A: One of the challenges of managing social media usage amongst young children in our highly tech-focused world is that parenting and teaching are not ‘one size fits all’ skill sets.

All of our young people are unique and different, and so require differing levels of support, scaffolding, freedoms and permissions when using social media, or any other technology tool, for that matter.

Therefore we need to modify our approaches depending upon the particular needs and attributes of each child, as best we are able, rather than simply setting rules about what should or should not be used by children of a particular age.

Of course, this can be easier said than done, particularly in a school community.

School communities are comprised of families, individuals, teachers, children and other stakeholders who have many different values and beliefs about social media use and children.

And while none of these groups of people necessarily have the monopoly on getting decisions ‘right’, these differing points of view need to be carefully considered and appreciated, given the widespread use of social media amongst children and the impact that getting decisions wrong can have.

We know that 45 per cent of eight to 11-yearolds use social networking sites and their ways of using them are quite similar to those of older children.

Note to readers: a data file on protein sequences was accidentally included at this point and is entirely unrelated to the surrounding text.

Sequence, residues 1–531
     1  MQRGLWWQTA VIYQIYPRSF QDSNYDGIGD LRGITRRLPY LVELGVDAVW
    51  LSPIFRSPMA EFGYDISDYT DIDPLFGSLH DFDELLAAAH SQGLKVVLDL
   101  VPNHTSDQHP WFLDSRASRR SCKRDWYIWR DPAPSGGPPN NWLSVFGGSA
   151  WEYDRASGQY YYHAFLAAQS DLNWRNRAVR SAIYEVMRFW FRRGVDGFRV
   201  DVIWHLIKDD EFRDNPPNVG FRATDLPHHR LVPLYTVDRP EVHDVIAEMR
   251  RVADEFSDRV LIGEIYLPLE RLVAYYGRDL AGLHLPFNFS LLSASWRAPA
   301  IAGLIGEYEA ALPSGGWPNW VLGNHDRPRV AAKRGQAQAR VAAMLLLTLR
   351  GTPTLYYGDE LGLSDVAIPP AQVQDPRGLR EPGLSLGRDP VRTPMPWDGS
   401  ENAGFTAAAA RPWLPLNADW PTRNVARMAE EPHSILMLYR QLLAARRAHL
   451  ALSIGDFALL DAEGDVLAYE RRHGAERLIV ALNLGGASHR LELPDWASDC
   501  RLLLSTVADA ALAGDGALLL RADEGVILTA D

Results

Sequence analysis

In the eight to 11-yearold age group, the top four sites being used were YouTube, Moshi Monsters, Club Penguin and Facebook.

The most popular things to do whilst using social media is playing games, private messaging, posting comments and posting status updates on their own profile.

We also know that access to social media is becoming increasingly something which happens in a variety of locations, as opposed to at home or school and under direct supervision.

Research tells us that 37 per cent of eight to nine-year-olds and 51 per cent of 10 to 11-year-olds have accessed the internet by using a handheld mobile device, and that 11 per cent of eight to nine year-olds already have their ‘own’ mobile phone.

This ‘ownership’ increases to 67 per cent amongst the  12 to 13-year-old age group.

One of the more useful responses to this issue is to adopt a strongly community focused model, where parents, caregivers, students, teachers and school leaders are seen as equal stakeholders charged with managing the constant evolution of social media and broader technology use for young people in the community.

Parents and caregivers are certainly not all going to agree on which apps or platforms are appropriate or useful for children of a particular age, and seeking this type of consensus is not the fundamental purpose of a community focused model.

Rather, inviting and encouraging collaboration and involvement in planning policies and approaches ensures that everyone feels their voice is heard and valued.

A community-wide approach opens the discussion and helps various groups within the school understand the perspective of others; knowing and accepting that some families have very different values and ideas compared with others.

From this understanding can come the development of digital policies and responses that are relevant and appropriate for the school community; policies which are more likely to have success and acceptance because they have been generated by the community members for their own local needs and situations.

Locally appropriate social media approaches need to be revisited regularly to ensure they maintain currency and so that they can adapt to changing needs and new technologies, rather than becoming simply another consent form which is signed as an expectation by families and students and then never seen again.